Statement from Commissioner Christy Goldsmith Romero regarding clearing requirement for swaps referencing rates less susceptible to manipulation than LIBOR
I support the Commission’s amended clearing requirement for swaps referencing rates less susceptible to manipulation than the London Interbank Offered Rate (“LIBOR”), as it promotes market integrity and supports the benefits of central clearing risk mitigation. I thank the CFTC staff for their work on this issue and other efforts to support the transition away from LIBOR.
The 2008 financial crisis revealed how OTC derivatives could make market participants vulnerable to the weaknesses of their counterparties and leave markets and regulators in the dark about the risks. Before the crisis, risks were hidden and companies were vulnerable to interconnected and complex bilateral transactions. This contributed to the failure of many banks and financial institutions. American households have paid the price, suffering the catastrophic consequences of a near collapse of the American financial system, a housing crisis, the inability to access credit and an unprecedented government bailout. .
One of the most critical reforms of the Dodd-Frank Act was a framework to channel swaps through central clearing, thereby reducing risk and increasing transparency in US financial markets. The CFTC has been a global leader in driving swap trades toward centralized clearing and coordinating with international regulators in a globally harmonized approach.
Central clearing has kept its promises. Markets, investors, end users and regulators have benefited from increased visibility into swap exposures and reduced interconnection and complexity.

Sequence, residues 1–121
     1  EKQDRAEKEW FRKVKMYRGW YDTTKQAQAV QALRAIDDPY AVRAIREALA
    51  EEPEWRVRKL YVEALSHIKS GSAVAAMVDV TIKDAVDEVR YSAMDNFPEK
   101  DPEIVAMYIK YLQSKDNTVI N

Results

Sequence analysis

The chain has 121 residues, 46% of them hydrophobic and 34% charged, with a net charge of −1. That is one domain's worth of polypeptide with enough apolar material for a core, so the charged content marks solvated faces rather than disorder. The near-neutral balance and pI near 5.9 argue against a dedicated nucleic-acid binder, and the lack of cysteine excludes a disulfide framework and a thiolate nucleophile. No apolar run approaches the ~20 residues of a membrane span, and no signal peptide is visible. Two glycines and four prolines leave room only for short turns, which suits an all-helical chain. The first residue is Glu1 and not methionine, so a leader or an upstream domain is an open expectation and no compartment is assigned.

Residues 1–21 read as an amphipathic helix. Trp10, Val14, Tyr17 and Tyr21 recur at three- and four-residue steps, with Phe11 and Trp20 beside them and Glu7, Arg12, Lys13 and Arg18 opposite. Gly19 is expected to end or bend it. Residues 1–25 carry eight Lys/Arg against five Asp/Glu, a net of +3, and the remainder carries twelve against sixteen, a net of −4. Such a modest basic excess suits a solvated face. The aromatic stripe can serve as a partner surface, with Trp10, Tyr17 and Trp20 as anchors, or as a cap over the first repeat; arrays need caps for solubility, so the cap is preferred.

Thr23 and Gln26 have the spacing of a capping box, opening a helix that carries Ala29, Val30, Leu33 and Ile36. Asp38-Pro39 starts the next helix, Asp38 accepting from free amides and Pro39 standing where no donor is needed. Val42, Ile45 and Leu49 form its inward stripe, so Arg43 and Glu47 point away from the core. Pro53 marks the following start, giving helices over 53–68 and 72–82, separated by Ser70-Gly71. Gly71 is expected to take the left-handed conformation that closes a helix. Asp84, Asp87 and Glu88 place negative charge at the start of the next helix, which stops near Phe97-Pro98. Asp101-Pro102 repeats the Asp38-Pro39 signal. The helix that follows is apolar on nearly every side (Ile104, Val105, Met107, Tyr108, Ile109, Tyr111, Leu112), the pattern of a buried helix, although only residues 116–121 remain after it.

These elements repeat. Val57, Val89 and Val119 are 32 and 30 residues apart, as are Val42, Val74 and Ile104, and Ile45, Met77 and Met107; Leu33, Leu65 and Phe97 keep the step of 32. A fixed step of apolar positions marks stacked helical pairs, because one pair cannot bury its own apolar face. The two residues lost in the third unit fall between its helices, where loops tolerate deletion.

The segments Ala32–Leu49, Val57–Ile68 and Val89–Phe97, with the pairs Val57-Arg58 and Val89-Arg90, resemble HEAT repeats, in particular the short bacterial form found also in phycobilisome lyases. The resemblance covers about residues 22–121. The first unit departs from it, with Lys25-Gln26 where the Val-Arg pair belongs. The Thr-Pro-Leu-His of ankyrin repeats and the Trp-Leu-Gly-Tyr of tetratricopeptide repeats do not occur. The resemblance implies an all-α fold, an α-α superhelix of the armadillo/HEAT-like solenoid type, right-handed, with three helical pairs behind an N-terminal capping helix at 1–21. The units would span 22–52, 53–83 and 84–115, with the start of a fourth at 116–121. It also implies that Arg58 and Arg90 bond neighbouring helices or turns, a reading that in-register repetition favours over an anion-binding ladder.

Reliable and sound reference rates promote market integrity and protect the American public. A decade ago, allegations of LIBOR manipulation led to investigations by government authorities, including the CFTC, that resulted in billions of dollars in fines and other penalties. These investigations revealed that a handful of dominant players profited from the manipulation of LIBOR and the markets, including the US mortgage markets. Here again, American households paid the price.
Thanks to major coordinated efforts in the public and private sectors, great progress has been made in moving towards more robust alternative reference rates, namely so-called “nearly risk-free” overnight reference rates. Today’s final rule changes the CFTC’s swap clearing requirement to account for the continued shift in liquidity to these more reliable rates. The market reliance on USD LIBOR has already diminished significantly, and we have seen significant liquidity and voluntary clearing of swaps referencing the Secured Overnight Funding Rate (“SOFR”). Our goal is to reinforce and accelerate this shift and ensure that the risk-mitigating benefits of netting continue to materialize in the evolving interest rate swap markets.
The final rule also reflects the CFTC’s longstanding priority of harmonization with international regulators. The certainty of the CFTC’s timeline for adding interest rate swaps referencing USD SOFR to its clearing requirement and for removing interest rate swaps referencing USD LIBOR should help international regulators who are also revising the clearing requirements for these swaps.
Given the global nature of financial markets, international coordination is necessary for a successful transition to LIBOR. International coordination will also help ensure that central clearing remains the cornerstone of post-crisis financial reforms.